Photo courtesy of U.S. Library of Congress "Hartford, Connecticut, Newspaper boy"

What can you learn from analyzing changes in the number of work orders created and resolved in your buildings? Some buildings use work order reporting to tell their operational team's story to other parts of the organization.

When describing to the rest of your organization your operations team’s start to 2016, you might have two choices. Follow in the USS Enterprise Chief Engineer Montgomery Scott’s footsteps by yelling something like “We’re giving it all we’ve got!” Or, you could rely on work order reporting data from your work order management system to chart changes in the number of requests created and resolved over the relevant time period.

Telling their team’s story is one reason why an early Tikkit user is adopting Gridium technology. They want to quantify the difference between their building’s Rooftop Oasis and the administrative suite… at least in terms of types, and amounts, of service requests. A different corporate facility team at an owner occupied Gridium building strives towards a tall benchmark of beating to the line their building occupants when it comes to filing service requests. This team has a goal of self-reporting at least 70% of all work orders created in any given month. Continuously delighting building occupants is easier when you have the necessary Key Performance Indicators (KPIs) at your fingertips. Data makes course corrections possible.

In Tikkit, work order reporting and data export looks like this:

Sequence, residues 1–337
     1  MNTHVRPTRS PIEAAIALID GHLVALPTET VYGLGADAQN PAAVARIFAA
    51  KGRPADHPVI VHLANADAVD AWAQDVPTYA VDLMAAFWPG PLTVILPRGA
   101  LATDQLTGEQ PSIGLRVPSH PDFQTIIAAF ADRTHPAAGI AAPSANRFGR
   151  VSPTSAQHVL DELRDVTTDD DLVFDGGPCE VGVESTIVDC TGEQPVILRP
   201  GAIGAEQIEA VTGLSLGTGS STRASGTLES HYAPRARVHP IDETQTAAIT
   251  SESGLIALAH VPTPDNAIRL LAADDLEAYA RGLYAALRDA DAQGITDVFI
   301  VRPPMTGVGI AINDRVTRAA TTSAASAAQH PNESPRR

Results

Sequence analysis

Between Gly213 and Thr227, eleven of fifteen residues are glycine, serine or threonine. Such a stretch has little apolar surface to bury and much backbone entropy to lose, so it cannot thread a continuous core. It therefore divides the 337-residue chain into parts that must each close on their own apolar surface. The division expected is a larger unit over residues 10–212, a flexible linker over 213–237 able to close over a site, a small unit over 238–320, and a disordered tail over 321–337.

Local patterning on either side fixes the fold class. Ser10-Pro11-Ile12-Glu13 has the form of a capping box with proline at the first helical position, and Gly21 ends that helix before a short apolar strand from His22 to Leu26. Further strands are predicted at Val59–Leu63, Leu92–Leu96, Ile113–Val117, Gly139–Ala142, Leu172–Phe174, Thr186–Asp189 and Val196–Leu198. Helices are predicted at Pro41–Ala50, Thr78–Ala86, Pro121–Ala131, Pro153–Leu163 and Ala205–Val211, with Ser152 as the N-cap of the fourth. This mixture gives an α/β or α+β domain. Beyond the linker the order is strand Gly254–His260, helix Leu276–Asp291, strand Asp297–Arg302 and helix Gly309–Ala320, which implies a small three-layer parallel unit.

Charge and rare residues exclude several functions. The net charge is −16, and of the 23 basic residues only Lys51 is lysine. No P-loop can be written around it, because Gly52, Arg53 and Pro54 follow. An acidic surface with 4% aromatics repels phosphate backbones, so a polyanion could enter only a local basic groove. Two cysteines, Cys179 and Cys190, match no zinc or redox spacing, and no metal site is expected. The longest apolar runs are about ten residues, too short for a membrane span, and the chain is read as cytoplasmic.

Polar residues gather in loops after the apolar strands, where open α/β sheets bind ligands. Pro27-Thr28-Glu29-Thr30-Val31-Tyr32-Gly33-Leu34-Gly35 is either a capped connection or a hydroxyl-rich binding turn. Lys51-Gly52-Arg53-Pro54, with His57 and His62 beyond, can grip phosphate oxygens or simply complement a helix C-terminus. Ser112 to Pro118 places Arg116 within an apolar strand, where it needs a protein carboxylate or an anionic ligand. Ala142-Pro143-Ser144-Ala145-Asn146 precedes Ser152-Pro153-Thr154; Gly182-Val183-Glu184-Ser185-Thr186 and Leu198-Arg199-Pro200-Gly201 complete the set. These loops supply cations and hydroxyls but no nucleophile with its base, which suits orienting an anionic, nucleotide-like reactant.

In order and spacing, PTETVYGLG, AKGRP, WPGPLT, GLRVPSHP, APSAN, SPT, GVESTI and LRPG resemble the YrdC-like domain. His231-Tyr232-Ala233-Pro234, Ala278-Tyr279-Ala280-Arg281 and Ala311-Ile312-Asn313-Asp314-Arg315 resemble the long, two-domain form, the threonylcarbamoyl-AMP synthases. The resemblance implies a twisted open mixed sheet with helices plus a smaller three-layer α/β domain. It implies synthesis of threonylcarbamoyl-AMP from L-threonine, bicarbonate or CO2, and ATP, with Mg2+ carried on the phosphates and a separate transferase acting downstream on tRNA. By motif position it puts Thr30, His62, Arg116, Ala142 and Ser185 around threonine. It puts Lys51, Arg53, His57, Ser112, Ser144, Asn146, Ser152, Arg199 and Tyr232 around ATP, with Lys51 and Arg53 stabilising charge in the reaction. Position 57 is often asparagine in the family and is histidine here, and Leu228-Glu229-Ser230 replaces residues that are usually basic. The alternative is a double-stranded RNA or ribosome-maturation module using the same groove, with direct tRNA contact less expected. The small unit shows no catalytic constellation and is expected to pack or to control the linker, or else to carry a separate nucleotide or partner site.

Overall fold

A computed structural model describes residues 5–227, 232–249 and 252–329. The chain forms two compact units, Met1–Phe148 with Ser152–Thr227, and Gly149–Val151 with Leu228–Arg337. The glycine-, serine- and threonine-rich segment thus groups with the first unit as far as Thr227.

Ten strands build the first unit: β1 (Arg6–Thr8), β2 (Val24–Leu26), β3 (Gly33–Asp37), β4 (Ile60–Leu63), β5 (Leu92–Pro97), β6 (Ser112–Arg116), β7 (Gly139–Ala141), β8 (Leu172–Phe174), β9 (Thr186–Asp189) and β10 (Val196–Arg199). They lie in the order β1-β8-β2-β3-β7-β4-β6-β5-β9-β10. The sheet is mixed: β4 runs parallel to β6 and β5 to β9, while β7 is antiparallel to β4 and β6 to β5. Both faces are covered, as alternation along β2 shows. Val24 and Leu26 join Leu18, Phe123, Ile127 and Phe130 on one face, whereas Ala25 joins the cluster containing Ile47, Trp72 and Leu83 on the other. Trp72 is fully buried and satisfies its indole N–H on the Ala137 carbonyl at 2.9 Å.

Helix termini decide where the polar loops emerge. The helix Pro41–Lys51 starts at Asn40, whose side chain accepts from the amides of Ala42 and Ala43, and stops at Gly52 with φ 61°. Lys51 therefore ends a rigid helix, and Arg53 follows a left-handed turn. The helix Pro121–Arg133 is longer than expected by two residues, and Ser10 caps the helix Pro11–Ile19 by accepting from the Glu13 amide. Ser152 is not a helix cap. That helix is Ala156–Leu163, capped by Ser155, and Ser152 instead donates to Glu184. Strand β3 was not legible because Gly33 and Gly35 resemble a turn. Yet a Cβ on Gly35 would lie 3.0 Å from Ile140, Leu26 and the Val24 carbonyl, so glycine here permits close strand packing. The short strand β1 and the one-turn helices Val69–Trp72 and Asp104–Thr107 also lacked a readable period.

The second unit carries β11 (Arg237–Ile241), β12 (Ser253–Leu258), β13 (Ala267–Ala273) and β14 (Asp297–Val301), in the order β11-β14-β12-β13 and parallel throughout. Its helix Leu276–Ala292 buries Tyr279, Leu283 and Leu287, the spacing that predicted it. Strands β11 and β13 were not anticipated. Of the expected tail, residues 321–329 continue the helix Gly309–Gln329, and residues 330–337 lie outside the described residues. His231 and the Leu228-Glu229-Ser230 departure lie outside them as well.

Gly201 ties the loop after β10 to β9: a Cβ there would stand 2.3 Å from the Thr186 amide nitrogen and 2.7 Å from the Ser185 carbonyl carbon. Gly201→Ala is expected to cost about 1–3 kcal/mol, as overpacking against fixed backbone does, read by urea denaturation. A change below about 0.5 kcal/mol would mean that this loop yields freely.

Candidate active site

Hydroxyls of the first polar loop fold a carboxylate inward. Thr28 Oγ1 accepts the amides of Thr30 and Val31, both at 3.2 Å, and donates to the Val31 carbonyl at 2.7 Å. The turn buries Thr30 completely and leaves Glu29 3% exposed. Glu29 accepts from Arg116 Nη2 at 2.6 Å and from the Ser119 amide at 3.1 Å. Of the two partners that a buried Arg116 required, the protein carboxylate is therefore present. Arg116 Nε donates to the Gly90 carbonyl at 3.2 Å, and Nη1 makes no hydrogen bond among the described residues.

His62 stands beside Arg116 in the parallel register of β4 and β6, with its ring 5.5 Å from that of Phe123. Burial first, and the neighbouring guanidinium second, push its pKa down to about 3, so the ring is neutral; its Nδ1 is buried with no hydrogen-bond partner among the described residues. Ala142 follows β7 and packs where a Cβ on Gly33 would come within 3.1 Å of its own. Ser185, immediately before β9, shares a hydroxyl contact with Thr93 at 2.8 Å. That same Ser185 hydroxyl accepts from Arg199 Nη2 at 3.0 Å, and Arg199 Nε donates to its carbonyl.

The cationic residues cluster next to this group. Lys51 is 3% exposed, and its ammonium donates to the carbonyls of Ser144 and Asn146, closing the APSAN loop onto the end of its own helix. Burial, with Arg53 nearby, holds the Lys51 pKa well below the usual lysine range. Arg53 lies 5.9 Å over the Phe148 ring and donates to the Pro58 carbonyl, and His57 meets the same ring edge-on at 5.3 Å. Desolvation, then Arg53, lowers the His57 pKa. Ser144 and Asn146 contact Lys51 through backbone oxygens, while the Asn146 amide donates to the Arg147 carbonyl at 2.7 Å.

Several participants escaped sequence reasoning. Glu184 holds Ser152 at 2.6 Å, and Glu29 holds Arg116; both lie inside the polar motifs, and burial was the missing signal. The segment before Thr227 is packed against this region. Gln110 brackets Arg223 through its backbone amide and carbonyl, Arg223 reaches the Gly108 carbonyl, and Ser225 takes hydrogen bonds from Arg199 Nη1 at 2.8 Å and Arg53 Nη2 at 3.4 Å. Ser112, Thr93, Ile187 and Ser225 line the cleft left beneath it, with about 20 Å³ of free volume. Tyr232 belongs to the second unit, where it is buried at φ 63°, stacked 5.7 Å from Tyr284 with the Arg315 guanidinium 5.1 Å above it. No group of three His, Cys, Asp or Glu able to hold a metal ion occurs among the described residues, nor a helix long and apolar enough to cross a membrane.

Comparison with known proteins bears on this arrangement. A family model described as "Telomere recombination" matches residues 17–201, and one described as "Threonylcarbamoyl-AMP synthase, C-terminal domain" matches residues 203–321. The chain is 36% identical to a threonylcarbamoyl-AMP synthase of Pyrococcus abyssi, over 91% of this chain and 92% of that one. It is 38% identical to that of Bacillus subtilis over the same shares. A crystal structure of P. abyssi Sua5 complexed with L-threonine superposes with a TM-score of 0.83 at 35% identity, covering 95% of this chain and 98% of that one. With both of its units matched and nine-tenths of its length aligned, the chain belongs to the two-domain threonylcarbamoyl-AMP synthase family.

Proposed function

Work order reporting gif

In the Institute of Real Estate Management (IREM) guidelines for Real Estate Management Service best practices, recordkeeping clocks in near the top of the list. This includes all correspondence between management company and tenant. In fact, responding to tenant requests in a timely manner and maintaining “the technology infrastructure to meet client needs” is emphasized. IREM goes on to describe operating reports as containing both financial and narrative aspects that, together, tell a clear story of what has happened in the building.  Routine maintenance and preventative maintenance (PM) each earn their own sections: routine maintenance reflecting normal day-to-day operations while PM covers those projects designed to ensure critical building systems operate safely and efficiently. PM can play a meaningful role in risk management. Additionally, IREM highlights the role benchmarking can play in maintaining world class operations. KPI you can consider include OPEX per square foot or number of work orders opened one month versus the next.

Let us know how your operations team reports out monthly progress in the comments below.

About Millen Paschich

Millen began his career at Cambridge Associates, trained in finance at SMU, and has an MBA from UCLA. Talk to him about bicycling, business, and green chile burritos.

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